Wealth Management in the United States is an ongoing, ever-evolving practice. The complex problems confronting clients involve local, federal and international tax, estate planning, trust and estate administration and dispute resolution laws and regulations. The Wealth Management process focuses on creating and implementing an integrated planning structure that will accomplish the client's objectives in a tax-efficient and predictable manner. High net worth individuals turn to professionals for unique, holistic solutions that respond to their personal and estate planning needs and family governance wishes.
Succession planning is a key component to Wealth Management for business owners and wealth creators. Moving beyond managerial succession, legal advice centers on restructuring business entities and other holdings in a manner that achieves efficient wealth transfer and cohesive management across generations.
The most pertinent developments in Wealth Management over the last twelve months include:
Tax Relief, Unemployment Insurance Reauthorization, and Job Creation Act of 2010
On December 17, 2010, President Obama signed into law The Tax Relief, Unemployment Insurance Reauthorization, and Job Creation Act of 2010 (the 2010 Act) that temporarily extended the Bush tax cuts for 2011 and 2012, and increased the gift, estate and GST tax applicable exclusion amounts for that period to an historic high level of $5 million. Rumors abounded during 2011 but the year came and went without Congressional action. Clearly no accurate or even well-informed predictions can be made. Gifting now rather than waiting can only be to your advantage.
Federal Estate, GST and Gift Tax Rates
The 2010 Act reunifies the gift and estate taxes for the first time in years. The applicable exclusion amount for each of the gift, estate and GST taxes is $5 million with a top tax rate for each of 35%. For 2012, the $5 million is indexed for inflation and is $5.12 million. In 2013, without further Congressional action, we will revert back to the 2001 exemption of $1,000,000 and the top tax rate of 55%.
Annual Gift Tax Exclusion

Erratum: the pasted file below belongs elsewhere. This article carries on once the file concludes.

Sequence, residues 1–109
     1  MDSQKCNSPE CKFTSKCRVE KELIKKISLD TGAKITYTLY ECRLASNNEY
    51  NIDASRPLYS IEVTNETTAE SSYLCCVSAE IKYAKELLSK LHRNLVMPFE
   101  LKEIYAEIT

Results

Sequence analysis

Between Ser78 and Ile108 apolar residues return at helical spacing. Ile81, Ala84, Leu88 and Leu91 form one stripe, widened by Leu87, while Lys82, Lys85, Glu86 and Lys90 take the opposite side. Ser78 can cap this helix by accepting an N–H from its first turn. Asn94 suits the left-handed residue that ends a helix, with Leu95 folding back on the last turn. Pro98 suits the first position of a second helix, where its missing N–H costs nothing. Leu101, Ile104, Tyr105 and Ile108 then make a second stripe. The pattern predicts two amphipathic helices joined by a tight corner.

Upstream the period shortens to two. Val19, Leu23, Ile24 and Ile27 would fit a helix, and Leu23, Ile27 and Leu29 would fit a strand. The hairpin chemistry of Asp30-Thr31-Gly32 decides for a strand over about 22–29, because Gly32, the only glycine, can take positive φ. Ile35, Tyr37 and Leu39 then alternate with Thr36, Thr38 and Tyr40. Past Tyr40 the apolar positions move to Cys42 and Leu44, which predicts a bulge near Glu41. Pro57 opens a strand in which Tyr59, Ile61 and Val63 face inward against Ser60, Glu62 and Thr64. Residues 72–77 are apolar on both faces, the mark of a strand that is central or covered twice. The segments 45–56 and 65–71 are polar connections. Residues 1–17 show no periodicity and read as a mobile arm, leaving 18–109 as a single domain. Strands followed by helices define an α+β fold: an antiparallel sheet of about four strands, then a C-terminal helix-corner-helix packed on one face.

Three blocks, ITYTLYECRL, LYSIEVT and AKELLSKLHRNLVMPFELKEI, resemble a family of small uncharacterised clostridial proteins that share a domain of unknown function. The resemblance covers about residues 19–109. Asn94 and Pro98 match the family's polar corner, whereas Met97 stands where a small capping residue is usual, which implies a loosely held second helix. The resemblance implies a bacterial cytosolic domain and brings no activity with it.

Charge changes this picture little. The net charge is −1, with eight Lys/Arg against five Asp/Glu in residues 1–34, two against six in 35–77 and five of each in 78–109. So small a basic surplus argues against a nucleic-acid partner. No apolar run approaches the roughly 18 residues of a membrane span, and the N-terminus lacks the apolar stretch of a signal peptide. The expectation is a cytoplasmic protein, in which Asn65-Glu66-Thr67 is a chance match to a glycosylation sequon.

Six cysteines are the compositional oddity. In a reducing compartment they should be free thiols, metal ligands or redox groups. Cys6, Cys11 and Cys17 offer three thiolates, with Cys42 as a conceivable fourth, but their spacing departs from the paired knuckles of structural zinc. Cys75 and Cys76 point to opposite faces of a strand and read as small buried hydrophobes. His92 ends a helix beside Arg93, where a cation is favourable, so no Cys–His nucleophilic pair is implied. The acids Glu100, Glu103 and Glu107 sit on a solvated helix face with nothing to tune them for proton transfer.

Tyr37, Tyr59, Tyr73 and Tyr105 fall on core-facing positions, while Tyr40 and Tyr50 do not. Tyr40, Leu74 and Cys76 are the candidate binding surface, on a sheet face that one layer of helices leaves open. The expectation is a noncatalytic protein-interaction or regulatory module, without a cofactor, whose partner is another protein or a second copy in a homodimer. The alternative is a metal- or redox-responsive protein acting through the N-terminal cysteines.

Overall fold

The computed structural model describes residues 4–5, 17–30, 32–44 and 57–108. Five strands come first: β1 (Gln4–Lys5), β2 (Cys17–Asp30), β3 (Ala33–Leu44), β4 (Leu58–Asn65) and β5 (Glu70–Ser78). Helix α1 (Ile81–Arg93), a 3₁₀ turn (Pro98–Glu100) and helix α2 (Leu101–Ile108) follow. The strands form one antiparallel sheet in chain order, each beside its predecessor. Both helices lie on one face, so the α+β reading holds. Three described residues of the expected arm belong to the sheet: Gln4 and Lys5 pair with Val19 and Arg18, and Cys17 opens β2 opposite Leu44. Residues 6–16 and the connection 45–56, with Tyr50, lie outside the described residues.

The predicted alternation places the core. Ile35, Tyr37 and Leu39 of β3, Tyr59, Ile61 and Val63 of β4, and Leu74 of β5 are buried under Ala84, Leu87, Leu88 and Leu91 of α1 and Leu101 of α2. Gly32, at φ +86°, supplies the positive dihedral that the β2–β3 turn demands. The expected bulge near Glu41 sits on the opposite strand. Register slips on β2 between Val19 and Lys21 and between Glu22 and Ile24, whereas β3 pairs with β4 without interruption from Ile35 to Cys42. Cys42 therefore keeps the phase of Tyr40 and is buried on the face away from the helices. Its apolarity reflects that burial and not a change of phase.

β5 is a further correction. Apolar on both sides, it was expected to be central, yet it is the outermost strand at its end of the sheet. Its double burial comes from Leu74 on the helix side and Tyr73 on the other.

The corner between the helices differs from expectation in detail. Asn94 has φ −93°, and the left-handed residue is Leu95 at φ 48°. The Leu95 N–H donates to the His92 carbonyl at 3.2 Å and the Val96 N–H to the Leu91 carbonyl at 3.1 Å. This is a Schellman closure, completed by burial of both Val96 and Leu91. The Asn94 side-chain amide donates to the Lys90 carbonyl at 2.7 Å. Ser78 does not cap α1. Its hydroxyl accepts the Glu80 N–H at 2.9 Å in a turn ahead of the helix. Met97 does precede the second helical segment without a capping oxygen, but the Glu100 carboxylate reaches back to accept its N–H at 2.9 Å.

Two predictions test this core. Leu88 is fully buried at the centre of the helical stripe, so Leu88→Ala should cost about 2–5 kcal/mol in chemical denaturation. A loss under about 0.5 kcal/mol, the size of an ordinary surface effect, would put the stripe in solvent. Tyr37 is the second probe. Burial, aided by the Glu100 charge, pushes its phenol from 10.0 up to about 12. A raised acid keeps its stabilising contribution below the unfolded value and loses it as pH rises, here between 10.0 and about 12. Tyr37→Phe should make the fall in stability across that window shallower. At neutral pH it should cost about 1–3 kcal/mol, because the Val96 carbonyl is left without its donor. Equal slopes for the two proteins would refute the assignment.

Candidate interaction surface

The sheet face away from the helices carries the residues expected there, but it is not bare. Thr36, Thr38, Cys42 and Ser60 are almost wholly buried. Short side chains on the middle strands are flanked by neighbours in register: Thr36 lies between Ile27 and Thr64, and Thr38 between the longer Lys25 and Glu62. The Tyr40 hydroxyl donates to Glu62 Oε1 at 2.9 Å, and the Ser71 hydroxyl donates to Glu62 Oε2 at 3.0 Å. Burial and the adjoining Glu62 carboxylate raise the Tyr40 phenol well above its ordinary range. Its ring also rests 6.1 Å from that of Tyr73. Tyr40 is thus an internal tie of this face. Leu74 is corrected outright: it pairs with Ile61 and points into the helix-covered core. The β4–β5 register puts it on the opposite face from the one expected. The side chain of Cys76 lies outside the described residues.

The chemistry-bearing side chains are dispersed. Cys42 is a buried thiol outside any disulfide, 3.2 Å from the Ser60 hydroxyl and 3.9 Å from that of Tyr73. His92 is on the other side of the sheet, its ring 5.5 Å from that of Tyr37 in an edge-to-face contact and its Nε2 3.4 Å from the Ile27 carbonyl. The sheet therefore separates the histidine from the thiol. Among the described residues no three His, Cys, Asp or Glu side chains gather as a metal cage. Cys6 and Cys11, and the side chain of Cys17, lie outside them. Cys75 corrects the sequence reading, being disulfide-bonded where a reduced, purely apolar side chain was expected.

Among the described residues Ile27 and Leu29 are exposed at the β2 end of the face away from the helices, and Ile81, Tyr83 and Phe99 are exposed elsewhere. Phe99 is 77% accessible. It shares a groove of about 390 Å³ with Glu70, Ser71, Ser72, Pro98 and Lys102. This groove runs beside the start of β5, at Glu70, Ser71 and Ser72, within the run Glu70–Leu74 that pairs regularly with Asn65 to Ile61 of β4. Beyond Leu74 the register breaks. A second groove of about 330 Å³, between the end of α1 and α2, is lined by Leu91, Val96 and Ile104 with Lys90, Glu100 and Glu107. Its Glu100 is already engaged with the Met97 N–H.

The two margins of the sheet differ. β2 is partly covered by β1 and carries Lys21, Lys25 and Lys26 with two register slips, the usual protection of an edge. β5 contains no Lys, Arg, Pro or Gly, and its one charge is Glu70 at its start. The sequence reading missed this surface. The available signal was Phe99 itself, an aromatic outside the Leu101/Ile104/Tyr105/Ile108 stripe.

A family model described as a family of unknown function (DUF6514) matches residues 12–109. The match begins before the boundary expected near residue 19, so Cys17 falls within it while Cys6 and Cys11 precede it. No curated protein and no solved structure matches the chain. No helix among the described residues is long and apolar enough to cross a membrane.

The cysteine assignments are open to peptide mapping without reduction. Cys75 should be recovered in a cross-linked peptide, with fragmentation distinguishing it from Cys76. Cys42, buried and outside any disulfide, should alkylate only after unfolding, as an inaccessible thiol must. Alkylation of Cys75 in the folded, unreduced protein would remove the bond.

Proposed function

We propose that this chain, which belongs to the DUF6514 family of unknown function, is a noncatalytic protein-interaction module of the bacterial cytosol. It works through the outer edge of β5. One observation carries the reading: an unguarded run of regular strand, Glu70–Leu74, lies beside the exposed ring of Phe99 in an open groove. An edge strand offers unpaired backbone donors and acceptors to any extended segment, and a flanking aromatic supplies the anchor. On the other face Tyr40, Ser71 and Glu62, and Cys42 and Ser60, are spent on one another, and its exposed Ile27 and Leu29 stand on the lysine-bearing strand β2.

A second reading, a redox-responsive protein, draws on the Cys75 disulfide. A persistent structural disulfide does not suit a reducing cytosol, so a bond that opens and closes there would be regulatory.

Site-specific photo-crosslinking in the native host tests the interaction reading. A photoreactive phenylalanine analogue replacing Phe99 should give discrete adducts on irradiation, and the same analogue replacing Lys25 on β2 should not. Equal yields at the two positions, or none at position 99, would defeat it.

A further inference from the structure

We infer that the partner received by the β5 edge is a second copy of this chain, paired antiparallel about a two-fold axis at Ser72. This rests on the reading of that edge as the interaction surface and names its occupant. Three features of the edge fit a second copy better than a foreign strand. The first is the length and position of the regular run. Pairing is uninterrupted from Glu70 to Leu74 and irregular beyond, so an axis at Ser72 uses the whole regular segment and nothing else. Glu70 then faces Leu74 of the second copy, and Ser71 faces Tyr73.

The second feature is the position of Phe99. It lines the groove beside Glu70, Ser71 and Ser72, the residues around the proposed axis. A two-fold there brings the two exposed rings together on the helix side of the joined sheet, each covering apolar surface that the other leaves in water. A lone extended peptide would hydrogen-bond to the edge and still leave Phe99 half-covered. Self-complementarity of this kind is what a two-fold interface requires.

The amount of the Annual Gift Tax Exclusion is $13,000 per donee in 2012. Thus, a husband and wife together can gift $26,000 to each donee. The amount of the Annual Gift Tax Exclusion with respect to gifts made to non-citizen spouses increased from $136,000 to $139,000 in 2012.
President’s Budget Proposal for Fiscal Year 2012
The President’s budget proposal for Fiscal Year 2012 includes three transfer tax-related items that were proposed in each of the past two years and two new items dealing with estate and gift taxes.
Consistency of Basis Valuation The proposal to require consistency in value for transfer and income tax purposes requires that the basis for income tax purposes be the same as that determined for estate and gift tax purposes.
Eliminating Certain Valuation Discounts The budget proposal adds a new category of “disregarded restrictions” that would be ignored for transfer tax valuation purposes in valuing an interest in a family-controlled entity transferred to a member of the family.
Grantor Retained Annuity Trusts (GRATs) to Be Subject to New Rules Three additional requirements would be imposed on Grantor Retained Annuity Trust (GRATs): (i) they must have a 10-year minimum term; (ii) they must have a remainder interest greater than zero; and (iii) the annuity amount cannot decrease in any year during the annuity term.
Make Portability Permanent The budget proposal seeks to make portability of any unused applicable exclusion amount when the first spouse dies permanent.